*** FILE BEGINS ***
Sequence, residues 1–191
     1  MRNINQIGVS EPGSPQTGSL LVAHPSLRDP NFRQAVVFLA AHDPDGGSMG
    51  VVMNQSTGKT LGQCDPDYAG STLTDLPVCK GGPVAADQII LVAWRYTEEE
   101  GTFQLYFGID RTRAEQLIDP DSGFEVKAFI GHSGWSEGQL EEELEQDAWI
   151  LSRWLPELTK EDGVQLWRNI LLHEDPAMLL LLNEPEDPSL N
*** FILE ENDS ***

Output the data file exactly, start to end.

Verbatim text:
Sequence, residues 1–191
     1  MRNINQIGVS EPGSPQTGSL LVAHPSLRDP NFRQAVVFLA AHDPDGGSMG
    51  VVMNQSTGKT LGQCDPDYAG STLTDLPVCK GGPVAADQII LVAWRYTEEE
   101  GTFQLYFGID RTRAEQLIDP DSGFEVKAFI GHSGWSEGQL EEELEQDAWI
   151  LSRWLPELTK EDGVQLWRNI LLHEDPAMLL LLNEPEDPSL N